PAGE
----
Bill Barr didn’t want to work for President Donald Trump.
At age 68 and semi-retired for a decade, the attorney general resisted three efforts over two years to recruit him into Trump’s fold. When approached in late 2018 for his current job, Barr recommended other candidates instead. Anybody but him. Only when the White House came back yet again did he relent.
Soon after Trump finally landed him, it didn’t seem to be a love affair in the making. At Barr’s Senate confirmation hearings in January, Barr talked at length about a decades-long friendship with special counsel Robert Mueller, describing his investigation as “vitally important” and assuring lawmakers that ”on my watch, Bob will be allowed to finish his work.”
“Enjoy your life,” Trump told Barr at a White House press conference shortly thereafter.
Now that Barr has provided him with political cover from Mueller’s report, Trump is lavishing him with praise. Days after Barr released a four-page summary of the report’s conclusions that Mueller himself found problematic, Trump told his friend and Fox News host Sean Hannity that Barr was a “great gentleman” and a “great man.” In a tweet on Monday, Trump gloated that while Barr is “highly respected,” Democrats now pretend not to remember their onetime hero Bob Mueller.
Other Republicans are just as exuberant about Barr, who they believe embodies the ruthless competence of previous Republican administrations but that has often been sorely lacking in the current one. After his combative press conference moments before the release of the Mueller report, one GOP operative wished aloud that Trump would drop Vice President Mike Pence from the ticket in 2020 and add Barr instead. Other prominent Republicans speak of him in almost adulatory terms. "Barr is the closest thing we have to Cheney,” said Chuck Cooper, a conservative litigator and Barr ally who, like the attorney general, led the Justice Department’s Office of Legal Counsel. “He’s a man. He has a very strong sense of purpose and confidence.”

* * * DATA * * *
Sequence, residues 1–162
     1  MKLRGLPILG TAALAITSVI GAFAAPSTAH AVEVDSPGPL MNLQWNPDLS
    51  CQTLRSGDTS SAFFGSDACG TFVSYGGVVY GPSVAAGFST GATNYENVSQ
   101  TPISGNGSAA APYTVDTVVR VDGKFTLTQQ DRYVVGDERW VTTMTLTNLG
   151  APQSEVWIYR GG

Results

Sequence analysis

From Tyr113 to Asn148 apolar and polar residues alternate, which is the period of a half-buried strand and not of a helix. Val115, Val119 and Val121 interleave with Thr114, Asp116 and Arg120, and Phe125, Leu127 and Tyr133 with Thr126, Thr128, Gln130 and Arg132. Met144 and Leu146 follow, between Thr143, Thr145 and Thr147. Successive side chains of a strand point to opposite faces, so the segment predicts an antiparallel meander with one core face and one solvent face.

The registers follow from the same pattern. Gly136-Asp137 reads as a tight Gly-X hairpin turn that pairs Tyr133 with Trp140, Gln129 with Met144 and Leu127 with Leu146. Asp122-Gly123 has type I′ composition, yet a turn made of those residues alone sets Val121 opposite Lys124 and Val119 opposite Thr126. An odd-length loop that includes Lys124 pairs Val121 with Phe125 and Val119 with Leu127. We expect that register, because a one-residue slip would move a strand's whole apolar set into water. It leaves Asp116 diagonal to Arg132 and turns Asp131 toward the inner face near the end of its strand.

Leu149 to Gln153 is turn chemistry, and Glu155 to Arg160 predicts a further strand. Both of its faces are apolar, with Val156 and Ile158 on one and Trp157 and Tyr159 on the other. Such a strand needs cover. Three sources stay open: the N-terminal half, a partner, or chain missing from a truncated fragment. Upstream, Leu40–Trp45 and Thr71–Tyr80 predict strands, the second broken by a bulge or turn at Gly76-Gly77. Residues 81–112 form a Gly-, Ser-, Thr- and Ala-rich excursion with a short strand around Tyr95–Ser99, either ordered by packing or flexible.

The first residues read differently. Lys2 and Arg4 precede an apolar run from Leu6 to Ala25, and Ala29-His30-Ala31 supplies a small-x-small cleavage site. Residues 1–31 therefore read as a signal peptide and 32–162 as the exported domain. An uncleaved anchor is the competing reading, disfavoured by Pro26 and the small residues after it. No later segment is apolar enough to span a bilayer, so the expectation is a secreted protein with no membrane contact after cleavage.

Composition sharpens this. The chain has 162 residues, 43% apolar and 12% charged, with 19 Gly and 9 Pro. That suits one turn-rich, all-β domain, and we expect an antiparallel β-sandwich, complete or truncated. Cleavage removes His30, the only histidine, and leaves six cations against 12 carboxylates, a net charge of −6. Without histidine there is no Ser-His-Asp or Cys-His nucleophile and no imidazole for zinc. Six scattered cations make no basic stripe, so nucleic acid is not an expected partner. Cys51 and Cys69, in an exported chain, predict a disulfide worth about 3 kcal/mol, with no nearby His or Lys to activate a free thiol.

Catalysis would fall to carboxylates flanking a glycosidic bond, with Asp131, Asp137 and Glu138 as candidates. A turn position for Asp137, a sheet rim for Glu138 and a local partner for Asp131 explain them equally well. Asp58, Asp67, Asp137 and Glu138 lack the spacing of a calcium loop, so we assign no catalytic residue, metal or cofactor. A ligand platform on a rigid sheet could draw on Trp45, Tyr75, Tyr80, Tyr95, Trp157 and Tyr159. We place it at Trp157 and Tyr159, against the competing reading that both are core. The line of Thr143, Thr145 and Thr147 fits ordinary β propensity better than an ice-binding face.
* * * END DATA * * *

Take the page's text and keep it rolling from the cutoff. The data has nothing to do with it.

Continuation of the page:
To Democrats, Barr is merely shilling for Trump, putting politics ahead of the law — “waging a media campaign on behalf of President Trump,” as House Judiciary Chairman Jerold Nadler put it. To them, he is an expression of the corruption of the Republican party under Trump, one among many conservatives who may have had second thoughts about the president but now follow in lockstep. That’s a theme they will press in two Congressional hearings this week, beginning with a Wednesday session before the Senate Judiciary Committee.